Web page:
Alisha - posted on 01/15/2009

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Our son Elijah is 6 and he is easily frustrated and angered too.  He was 34 months old when we met him in Svalyava, Ukraine and his "gotcha day" is just 5 days before his birthday.  Mostly, I'm writing to say I'm in the same boat.  We are constantly working on expressing emotions and describing what he's feeling.  I think that age has something to do with it as 5,6 &7 are big times of cognitive development.  It doesn't help Eli's situation much that he's learning to express emotion in two languages (we live in Argentina).  His sentences often begin in English and end in Spanish...or he'll just throw in a word or two from the language he's not speaking in...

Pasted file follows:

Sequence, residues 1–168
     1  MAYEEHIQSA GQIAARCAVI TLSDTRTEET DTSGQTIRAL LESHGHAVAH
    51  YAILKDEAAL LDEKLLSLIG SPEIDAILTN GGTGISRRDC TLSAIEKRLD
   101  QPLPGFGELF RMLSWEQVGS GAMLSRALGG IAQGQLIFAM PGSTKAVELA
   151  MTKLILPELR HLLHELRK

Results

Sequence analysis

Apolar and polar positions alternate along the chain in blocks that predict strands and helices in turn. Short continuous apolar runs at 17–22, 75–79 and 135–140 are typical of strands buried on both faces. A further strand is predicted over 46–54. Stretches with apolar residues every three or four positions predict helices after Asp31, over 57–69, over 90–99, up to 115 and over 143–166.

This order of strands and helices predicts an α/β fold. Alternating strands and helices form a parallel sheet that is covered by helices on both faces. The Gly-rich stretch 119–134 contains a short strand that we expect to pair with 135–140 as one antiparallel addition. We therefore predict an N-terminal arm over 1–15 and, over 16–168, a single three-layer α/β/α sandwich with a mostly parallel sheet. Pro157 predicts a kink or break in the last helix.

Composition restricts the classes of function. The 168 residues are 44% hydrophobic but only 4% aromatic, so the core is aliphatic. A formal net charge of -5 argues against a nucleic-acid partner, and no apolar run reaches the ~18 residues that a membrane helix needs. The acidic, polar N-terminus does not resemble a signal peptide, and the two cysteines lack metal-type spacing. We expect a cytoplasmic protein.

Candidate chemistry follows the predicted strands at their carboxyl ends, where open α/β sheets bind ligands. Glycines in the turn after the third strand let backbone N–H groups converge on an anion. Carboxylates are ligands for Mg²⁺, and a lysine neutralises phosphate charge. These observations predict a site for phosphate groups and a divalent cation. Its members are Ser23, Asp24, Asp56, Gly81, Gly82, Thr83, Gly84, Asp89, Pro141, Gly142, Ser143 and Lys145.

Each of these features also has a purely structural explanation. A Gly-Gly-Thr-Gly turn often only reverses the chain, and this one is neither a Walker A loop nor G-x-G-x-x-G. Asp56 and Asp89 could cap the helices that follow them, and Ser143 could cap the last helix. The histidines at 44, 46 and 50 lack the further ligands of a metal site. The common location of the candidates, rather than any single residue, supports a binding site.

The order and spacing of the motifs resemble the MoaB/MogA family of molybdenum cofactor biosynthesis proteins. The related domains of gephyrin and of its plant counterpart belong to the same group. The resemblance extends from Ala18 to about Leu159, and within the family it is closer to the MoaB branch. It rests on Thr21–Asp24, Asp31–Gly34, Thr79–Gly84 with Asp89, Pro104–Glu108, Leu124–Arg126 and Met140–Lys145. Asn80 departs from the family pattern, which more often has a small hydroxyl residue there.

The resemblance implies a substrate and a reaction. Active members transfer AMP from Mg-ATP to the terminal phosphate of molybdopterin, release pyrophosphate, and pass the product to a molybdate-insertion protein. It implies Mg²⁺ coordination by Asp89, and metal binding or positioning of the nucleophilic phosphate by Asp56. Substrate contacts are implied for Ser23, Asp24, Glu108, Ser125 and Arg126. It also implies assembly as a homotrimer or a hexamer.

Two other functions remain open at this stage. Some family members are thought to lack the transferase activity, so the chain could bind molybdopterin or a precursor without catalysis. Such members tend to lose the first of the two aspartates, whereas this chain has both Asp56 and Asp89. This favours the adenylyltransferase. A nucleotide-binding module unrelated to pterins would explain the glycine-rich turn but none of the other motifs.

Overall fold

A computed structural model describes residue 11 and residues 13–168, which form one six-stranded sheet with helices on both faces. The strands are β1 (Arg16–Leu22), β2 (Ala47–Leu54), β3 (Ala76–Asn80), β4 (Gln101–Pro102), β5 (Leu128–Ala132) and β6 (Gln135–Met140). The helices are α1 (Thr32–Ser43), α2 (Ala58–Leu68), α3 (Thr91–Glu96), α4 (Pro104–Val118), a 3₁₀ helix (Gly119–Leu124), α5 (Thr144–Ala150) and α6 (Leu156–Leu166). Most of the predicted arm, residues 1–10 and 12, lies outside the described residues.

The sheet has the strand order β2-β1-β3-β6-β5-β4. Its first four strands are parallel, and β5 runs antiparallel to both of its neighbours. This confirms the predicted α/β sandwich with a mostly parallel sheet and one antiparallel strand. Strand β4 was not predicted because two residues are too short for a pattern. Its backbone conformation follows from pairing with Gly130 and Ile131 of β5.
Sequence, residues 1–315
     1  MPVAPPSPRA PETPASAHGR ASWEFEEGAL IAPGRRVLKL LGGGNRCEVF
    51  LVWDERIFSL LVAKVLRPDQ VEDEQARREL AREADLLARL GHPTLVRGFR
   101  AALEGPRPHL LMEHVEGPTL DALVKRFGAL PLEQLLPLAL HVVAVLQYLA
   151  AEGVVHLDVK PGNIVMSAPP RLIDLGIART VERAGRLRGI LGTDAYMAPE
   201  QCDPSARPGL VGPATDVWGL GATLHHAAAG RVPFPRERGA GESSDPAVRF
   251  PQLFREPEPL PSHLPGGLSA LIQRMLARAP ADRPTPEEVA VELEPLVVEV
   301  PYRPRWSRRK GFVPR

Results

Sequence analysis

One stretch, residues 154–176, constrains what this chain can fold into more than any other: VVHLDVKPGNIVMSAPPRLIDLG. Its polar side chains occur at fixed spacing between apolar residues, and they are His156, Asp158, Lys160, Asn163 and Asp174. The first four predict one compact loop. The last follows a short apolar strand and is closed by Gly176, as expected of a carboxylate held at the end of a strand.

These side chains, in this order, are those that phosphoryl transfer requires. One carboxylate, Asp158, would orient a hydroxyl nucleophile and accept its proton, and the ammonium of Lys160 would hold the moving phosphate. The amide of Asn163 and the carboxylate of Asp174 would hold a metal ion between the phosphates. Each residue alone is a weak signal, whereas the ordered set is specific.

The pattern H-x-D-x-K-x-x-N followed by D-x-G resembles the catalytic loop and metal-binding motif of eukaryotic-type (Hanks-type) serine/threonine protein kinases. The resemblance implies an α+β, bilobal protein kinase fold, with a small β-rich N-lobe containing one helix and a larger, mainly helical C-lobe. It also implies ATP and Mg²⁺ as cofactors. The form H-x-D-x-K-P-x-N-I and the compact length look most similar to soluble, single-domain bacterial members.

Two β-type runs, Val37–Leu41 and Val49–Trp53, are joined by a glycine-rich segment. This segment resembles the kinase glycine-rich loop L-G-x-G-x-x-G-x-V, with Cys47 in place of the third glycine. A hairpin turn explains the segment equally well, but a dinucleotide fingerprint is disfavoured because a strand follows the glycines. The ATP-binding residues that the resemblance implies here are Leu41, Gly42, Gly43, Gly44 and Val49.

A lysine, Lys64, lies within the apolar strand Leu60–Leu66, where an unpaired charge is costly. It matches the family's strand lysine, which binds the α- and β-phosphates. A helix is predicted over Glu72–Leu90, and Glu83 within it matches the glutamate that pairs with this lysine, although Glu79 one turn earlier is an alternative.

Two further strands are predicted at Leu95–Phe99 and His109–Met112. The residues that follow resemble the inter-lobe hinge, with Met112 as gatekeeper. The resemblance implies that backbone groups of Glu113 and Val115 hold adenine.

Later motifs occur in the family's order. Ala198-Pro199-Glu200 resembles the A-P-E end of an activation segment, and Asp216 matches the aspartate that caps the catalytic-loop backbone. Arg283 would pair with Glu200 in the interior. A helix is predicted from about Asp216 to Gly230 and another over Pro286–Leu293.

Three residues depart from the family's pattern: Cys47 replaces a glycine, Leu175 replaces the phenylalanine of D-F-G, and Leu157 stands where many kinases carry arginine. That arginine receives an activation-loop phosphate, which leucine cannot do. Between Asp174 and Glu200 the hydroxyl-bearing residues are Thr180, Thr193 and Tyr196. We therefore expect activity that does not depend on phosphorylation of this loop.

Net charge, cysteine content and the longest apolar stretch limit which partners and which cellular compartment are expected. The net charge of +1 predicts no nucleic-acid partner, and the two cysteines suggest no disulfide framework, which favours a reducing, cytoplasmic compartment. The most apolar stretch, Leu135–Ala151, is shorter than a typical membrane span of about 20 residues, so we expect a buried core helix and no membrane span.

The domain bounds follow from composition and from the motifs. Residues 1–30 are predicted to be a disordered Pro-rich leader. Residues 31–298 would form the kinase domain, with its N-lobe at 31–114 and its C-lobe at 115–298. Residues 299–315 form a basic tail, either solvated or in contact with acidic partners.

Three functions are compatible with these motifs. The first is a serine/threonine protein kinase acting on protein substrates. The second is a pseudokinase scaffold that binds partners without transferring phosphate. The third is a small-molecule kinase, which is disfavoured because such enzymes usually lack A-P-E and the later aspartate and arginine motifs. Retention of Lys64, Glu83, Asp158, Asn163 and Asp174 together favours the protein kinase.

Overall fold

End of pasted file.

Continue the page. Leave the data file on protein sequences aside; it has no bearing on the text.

I'll monitor this thread closely to see any advice others have to give, especially in the area of anger management for young children.  We want so much to teach him how to express his feelings in a healthy way.

Jessica - posted on 12/15/2008

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Our bio son is 5 and we have gone through some of that. Esp. if he wasn't winning in a game, or things didn't go his way. A sudden burst of temper followed by a stomping away screaming. At 3-5 they are very much self absorbed and it is all about them. In the fall he started Kindergaren and we had a few issues (he hit someone out of anger)-which really suprised us as he never had any problems in daycare or preschool. Now he is coming out of it and it doing great. Sometimes these phases just take time for the little ones to work out.